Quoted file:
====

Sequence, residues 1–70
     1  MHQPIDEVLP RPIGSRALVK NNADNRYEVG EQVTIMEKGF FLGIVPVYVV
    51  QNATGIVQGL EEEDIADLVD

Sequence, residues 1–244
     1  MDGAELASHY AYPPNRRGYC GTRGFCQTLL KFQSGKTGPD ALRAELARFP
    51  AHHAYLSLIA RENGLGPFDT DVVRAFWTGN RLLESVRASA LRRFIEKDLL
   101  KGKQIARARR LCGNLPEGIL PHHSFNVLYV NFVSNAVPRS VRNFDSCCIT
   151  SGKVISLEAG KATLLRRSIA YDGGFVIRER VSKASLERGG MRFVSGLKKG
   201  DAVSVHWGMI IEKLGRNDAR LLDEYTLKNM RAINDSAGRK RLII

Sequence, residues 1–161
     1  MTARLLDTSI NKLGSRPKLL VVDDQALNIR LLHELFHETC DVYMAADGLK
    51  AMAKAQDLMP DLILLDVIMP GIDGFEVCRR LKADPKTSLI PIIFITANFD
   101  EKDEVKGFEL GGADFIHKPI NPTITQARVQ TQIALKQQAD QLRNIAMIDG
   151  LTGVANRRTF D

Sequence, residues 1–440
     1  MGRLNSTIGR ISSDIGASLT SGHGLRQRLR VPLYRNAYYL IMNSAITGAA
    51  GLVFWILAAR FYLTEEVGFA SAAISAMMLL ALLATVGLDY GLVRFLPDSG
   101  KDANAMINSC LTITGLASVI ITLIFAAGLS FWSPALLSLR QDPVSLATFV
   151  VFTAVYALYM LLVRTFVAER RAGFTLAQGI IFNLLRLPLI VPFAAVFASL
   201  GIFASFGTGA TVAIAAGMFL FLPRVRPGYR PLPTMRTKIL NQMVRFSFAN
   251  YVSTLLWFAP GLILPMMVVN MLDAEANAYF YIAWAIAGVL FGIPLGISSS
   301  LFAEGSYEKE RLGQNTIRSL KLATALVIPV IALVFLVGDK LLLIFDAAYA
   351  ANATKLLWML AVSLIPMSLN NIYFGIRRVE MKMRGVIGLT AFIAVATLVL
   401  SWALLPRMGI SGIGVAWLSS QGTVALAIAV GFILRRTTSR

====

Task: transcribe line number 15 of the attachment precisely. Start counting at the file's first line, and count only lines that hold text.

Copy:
Sequence, residues 1–440